Mark's murderous usurpers in Chpater 5 were the Jerusalem Temple authorities, while in the Odyssey they were the loutish suitors of Penelope, who would have happily killed Odysseus if he ever appeared in Ithaca again. For Mark and all the other canonical gospel writers, the Jewish priests and scribes were the "most determined and dangerous opponents of Jesus," far more so than Pilate and the Romans (McDonald, p. 35). Although the hesitant, Hamlet-like Pilate portrayed in the gospels is almost certainly a fiction, given what Josephus and Philo of Alexandria reported about his corruption, ruthlessness and brutality, Mark and the other early Christian writers were determined to absolve Rome for the execution of Jesus and blame it on the Jews. Penelope's suitors also plot to kill Odysseus's son Telemachus, just like the Jerusalem authorities are constantly conspiring to trap Jesus into making some suspect statement that can be used against him, although of course no clear record exists of Jesus having a wife and children for them to threaten. Only Peter knows the real Son-of-God secret of Jesus, for which Jesus proclaimed him the rock (petra) on which he would build the church. Gnostic tradition also emphasizes the supposed secret teachings and wisdom of Jesus, and in Chapter 6 McDonald compares this hidden nature of the Messiah to Odysseus returning to his kingdom disguised as a beggar, and the suitors murmuring that he might be "some god come down from heaven" (McDonald, p. 44). He claims in Chapter 7 that Mark also relates Jesus to the sea and boats far more than any other gospel writer, and only he mentions that four of the disciples were fisherman. Odysseus is obviously a nautical man, as is his son Telemachus, who acquires a fishing boat to search for his father (McDonald, p. 55). Like the men of Odysseus, his disciples also tend to fall asleep at critical moments, such as in the Garden of Gethsemane.
When not in conflict with the scribes and Pharisees, Jesus struggles with casting out demons, and McDonald compares this to the battles that Odysseus has with sirens, cannibals and Cyclopes on his return to Ithaca. When Jesus cast out Legion from the demoniac of Gerasene in Mark 5:1-10, they are able to bargain with him in order to be relocated into a heard of swine. McDonald finds this scene to be borrowed directly from the Odyssey in Chapter 8, rather than the name Legion being symbolic of the Roman Empire and its armies of occupation. Circe the witch also "turned Odysseus's soldiers into swine," and he had to find some magic to transform them back into men (McDonald, p. 64). In addition, McDonald argues that in no other exorcism in the New Testament were demons given a name, which leads him to the conclusion that this peculiar narrative that has given scholars and theologians so much difficulty over the years must have been borrowed from some classical pagan source, just like the obscure reference to the Heavenly Twins or Sons of Thunder. Once again, a Jewish peasant teacher and prophet would probably not have been familiar with Circe and the Odyssey. Bronze Age Greeks would not have described their soldiers as a Legion, however, which was a Roman term.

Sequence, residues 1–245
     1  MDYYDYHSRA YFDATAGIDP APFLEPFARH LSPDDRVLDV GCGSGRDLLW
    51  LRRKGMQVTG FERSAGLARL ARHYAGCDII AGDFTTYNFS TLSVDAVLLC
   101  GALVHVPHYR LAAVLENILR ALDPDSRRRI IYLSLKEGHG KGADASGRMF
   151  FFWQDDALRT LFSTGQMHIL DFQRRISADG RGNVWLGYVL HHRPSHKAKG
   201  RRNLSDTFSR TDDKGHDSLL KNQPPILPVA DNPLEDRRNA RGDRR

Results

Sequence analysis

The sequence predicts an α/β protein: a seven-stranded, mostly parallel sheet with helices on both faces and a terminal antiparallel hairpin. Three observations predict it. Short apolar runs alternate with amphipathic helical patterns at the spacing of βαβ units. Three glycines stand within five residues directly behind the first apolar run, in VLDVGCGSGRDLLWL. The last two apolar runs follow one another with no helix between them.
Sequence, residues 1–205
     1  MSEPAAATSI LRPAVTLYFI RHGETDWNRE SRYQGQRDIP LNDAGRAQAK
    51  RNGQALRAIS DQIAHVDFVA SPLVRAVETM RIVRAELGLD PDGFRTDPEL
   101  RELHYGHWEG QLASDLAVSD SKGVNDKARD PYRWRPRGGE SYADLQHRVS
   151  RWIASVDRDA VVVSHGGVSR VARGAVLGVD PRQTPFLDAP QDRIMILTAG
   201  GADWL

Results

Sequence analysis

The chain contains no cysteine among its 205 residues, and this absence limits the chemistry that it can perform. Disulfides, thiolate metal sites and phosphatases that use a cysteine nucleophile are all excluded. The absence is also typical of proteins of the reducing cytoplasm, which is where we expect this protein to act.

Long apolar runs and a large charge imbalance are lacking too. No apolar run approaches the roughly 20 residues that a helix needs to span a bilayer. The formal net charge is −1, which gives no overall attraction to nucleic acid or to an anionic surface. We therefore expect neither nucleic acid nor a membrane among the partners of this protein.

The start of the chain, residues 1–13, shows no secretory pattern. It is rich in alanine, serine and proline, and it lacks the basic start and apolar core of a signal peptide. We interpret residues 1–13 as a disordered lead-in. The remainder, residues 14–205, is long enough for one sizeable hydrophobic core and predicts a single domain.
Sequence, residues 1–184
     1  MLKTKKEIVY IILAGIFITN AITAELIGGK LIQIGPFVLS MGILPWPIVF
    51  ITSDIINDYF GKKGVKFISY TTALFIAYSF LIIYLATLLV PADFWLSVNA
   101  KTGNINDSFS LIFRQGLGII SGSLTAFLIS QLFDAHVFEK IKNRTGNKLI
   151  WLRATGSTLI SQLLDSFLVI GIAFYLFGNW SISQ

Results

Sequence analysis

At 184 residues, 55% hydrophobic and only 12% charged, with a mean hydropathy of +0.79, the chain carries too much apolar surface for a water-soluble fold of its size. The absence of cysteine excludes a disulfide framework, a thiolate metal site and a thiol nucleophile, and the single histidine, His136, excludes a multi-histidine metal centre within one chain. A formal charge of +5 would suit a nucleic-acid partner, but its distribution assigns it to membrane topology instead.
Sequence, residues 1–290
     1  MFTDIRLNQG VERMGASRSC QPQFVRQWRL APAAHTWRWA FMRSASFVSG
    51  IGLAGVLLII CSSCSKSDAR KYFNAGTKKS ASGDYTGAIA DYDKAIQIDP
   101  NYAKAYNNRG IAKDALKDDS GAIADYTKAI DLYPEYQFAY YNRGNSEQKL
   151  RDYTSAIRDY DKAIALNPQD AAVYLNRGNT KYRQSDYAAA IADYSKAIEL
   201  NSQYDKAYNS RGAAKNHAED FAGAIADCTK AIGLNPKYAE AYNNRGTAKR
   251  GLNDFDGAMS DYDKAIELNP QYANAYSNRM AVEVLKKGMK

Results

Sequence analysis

According to McDonald in Chapter 9, Mark's narrative in the beheading of John the Baptist also has a parallel with the Odyssey. He doubts the historicity of the story that Herod was so pleased with the dance of Salome that he granted he the Baptist's head, or that he executed the prophet because he insulted his wife Herodias. According to Josephus, he did fear John, but only because of "the seditious potential of his fiery sermons," which was also why Pilate and the Temple rulers feared and hated Jesus (McDonald, p. 78). McDonald believes that Mark reworked this story from the assassination of King Agamemnon by his wife and her lover in the Odyssey, as he related to Odysseus during his…